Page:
I intervene briefly to say that the matter seems somewhat contingent. It is possible for the council to acquire or dispose of land and other property almost without limit. It can and will need to secure for itself headquarters—Coventry has been suggested—and regional bases for the local councils and for other activities.

The mere introduction of a suggestion of participation in a shareholding company would require the Secretary of State's intervention. I mention that not least because the possibility is flagged up in subsection (3)(c), which I seek to delete by the amendment. That paragraph includes the reference:

    or otherwise become a member of a company.

Many of us involved in research or education know that many legal companies are limited by guarantee. I am a member of one such company and my obligation extends to a sum not exceeding £1 as may arise if the company is liquidated. The commitment is purely nominal. I wonder why the Government must interfere in a micro way with the holding of shares even though it is content to allow the council, apparently without limit, to discharge other duties in relation to assets.

Mr. Wills: As hon. Members might be aware, there was a full debate on clause 18 in another place. It was also the subject of correspondence between my noble Friend Baroness Blackstone, Lord Tope and Baroness Blatch. A point made by the noble Baroness Blatch was that the LSC's powers would be less flexible than those enjoyed by TECs, which can establish or have a significant stake in other companies without having to seek the Secretary of State's consent. It was suggested that the local councils should be able to operate in the same way as TECs have done.

I should mention in passing that the hon. Gentleman's amendments, if carried, would prevent the LSC becoming involved in companies, whether or not it had the Secretary of State's consent. I am sure that that was not his intention.

As my noble Friends explained, the starting point in framing the provisions in clause 18 was the supplementary powers secured for both the Further Education Funding Council and the Higher Education Funding Council by the Further and Higher Education Act 1992. The LSC, and the local councils in particular, however, will have contributions to make to local partnership working that the funding councils do not. The LSC will need to have powers to carry out some functions currently conducted by TECs. The LSC might, for example, want to take part in local economic development or regeneration initiatives. In those circumstances, a company structure would be helpful in levering in wider resources. Such arrangements should not be the norm. We would not want the LSC to engage in widespread commercial enterprises not associated with post-16 learning. We have, therefore, made the LSC's powers to hold shares in a company dependent on the Secretary of State's approval.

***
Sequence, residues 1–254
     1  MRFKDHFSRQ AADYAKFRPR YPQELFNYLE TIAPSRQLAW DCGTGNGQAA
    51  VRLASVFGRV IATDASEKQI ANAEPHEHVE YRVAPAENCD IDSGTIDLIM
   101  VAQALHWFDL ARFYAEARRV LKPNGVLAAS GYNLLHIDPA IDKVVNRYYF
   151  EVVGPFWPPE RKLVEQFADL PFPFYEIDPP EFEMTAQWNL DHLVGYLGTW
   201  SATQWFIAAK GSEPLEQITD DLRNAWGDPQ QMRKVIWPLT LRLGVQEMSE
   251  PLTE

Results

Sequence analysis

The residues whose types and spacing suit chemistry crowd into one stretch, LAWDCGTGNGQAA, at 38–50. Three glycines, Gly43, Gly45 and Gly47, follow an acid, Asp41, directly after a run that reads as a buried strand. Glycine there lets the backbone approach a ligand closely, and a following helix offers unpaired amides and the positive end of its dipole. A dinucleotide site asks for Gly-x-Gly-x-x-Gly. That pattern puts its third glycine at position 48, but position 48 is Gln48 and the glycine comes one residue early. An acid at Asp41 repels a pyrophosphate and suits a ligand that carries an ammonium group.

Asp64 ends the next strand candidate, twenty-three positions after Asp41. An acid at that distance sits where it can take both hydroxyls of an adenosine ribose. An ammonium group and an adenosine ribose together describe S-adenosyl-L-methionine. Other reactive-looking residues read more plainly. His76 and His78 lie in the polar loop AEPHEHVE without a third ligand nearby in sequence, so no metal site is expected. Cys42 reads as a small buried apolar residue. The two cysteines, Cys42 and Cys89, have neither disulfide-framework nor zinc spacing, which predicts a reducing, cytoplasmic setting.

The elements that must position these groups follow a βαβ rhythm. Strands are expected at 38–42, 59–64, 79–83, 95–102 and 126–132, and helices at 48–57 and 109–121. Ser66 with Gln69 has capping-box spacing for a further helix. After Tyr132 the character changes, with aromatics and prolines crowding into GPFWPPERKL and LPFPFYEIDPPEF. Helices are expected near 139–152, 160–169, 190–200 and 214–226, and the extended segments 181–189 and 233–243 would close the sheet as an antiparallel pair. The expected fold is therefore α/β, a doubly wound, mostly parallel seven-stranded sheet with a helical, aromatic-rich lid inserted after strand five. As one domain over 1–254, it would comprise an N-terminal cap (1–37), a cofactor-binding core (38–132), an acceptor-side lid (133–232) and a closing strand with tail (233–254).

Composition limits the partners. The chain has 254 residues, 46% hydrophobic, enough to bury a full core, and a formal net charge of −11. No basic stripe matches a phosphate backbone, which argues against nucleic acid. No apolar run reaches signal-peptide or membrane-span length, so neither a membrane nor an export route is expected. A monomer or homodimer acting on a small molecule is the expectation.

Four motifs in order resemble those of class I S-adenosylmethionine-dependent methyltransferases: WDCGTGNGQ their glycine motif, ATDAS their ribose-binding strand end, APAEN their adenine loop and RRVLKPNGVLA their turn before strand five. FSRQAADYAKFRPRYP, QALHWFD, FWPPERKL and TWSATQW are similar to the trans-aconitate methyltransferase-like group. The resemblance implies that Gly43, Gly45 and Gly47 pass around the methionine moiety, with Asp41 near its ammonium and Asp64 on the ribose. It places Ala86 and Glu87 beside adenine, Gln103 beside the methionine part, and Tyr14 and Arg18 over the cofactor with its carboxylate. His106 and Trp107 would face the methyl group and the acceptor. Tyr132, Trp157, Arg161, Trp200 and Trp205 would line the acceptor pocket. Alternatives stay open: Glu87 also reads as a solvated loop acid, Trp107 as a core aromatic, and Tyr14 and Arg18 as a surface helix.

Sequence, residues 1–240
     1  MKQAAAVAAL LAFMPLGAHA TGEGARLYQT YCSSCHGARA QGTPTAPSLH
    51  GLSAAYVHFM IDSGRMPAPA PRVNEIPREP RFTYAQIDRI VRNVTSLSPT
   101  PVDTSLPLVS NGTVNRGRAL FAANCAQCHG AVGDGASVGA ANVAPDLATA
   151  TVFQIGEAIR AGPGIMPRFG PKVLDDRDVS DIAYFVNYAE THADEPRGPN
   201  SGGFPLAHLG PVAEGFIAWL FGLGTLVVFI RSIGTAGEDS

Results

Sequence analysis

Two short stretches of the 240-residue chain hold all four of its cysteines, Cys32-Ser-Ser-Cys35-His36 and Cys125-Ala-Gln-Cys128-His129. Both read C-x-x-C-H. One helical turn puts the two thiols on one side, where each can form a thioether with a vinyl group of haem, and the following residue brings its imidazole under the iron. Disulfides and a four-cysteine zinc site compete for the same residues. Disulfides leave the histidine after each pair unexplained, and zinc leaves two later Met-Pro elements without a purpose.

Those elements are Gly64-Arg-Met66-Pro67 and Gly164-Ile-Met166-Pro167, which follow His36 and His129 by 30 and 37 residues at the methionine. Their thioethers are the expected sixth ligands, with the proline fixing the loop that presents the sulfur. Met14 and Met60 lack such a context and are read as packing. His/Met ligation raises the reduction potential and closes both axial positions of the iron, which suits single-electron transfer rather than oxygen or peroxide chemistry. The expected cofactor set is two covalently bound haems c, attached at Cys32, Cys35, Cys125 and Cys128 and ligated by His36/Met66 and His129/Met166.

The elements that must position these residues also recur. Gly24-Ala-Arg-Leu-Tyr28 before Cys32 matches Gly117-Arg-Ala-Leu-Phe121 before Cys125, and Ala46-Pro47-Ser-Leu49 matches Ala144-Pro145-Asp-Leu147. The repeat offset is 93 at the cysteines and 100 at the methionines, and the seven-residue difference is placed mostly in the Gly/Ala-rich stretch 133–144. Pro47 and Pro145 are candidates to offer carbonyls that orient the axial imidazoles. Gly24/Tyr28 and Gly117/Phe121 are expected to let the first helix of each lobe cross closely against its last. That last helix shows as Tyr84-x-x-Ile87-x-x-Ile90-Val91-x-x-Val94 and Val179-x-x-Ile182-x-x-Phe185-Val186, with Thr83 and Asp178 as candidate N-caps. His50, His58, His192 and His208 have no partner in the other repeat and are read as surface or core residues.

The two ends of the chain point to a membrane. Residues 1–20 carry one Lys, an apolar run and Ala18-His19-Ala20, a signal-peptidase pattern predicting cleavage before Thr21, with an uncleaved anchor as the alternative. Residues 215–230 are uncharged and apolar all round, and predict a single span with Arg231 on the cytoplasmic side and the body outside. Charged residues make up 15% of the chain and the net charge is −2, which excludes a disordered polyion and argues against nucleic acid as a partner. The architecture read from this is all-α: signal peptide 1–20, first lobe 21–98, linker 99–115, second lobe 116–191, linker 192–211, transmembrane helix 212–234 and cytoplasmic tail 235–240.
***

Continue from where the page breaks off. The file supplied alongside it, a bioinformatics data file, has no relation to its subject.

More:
I share the hon. Gentleman's concern that the LSC should have all the flexibility that it needs to respond creatively to local circumstances. In response to an earlier comment of the hon. Member for Hertsmere, I should say that a close and harmonious working relationship has of itself no implications for a top-down or bottom-up approach. It is exactly what it says—a close and harmonious working relationship—and top-down or bottom-up need not enter into it.

I assure the hon. Member for Daventry that that close, working relationship will allow for prompt responses to requests from the council to hold shares in or become a member of a company. That is the flexibility that he seeks, and I hope that my assurances will enable him to withdraw the amendment.

Mr. Boswell: I remain somewhat unconvinced. However, like the Minister, I am impatient to participate in parliamentary questions, so I shall indulge him on this occasion. I beg to ask leave to withdraw the amendment.

Amendment, by leave, withdrawn.

Clause 18 ordered to stand part of the Bill.

Further consideration adjourned.—[Mr. Betts.]

Adjourned accordingly at twenty-one minutes past Eleven o'clock till Tuesday 9 May at half-past Ten o'clock.

The following Members attended the Committee:
Benton, Mr. Joe (Chairman)
Betts, Mr.
Boswell, Mr.
Brooke, Mr.
Chaytor, Mr.
Clappison, Mr.
Davey, Valerie
Hanson, Mr.
Ruane, Mr.
Whitehead, Dr.
Wicks, Mr.
Willis, Mr.
Wills, Mr.